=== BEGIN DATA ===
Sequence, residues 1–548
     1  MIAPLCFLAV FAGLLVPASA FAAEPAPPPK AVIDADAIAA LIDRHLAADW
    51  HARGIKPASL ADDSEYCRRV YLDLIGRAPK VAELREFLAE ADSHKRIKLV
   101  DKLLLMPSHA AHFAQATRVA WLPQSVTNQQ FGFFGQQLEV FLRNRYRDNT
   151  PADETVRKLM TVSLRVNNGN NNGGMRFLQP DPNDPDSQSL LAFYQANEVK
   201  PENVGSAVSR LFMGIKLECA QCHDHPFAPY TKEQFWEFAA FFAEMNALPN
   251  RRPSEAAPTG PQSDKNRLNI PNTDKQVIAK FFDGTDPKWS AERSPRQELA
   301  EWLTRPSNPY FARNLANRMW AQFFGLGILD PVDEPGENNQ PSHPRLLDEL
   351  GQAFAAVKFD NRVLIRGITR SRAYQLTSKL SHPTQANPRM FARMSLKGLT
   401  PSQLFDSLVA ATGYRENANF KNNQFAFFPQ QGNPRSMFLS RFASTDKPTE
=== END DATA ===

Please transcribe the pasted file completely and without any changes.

Sequence, residues 1–548
     1  MIAPLCFLAV FAGLLVPASA FAAEPAPPPK AVIDADAIAA LIDRHLAADW
    51  HARGIKPASL ADDSEYCRRV YLDLIGRAPK VAELREFLAE ADSHKRIKLV
   101  DKLLLMPSHA AHFAQATRVA WLPQSVTNQQ FGFFGQQLEV FLRNRYRDNT
   151  PADETVRKLM TVSLRVNNGN NNGGMRFLQP DPNDPDSQSL LAFYQANEVK
   201  PENVGSAVSR LFMGIKLECA QCHDHPFAPY TKEQFWEFAA FFAEMNALPN
   251  RRPSEAAPTG PQSDKNRLNI PNTDKQVIAK FFDGTDPKWS AERSPRQELA
   301  EWLTRPSNPY FARNLANRMW AQFFGLGILD PVDEPGENNQ PSHPRLLDEL
   351  GQAFAAVKFD NRVLIRGITR SRAYQLTSKL SHPTQANPRM FARMSLKGLT
   401  PSQLFDSLVA ATGYRENANF KNNQFAFFPQ QGNPRSMFLS RFASTDKPTE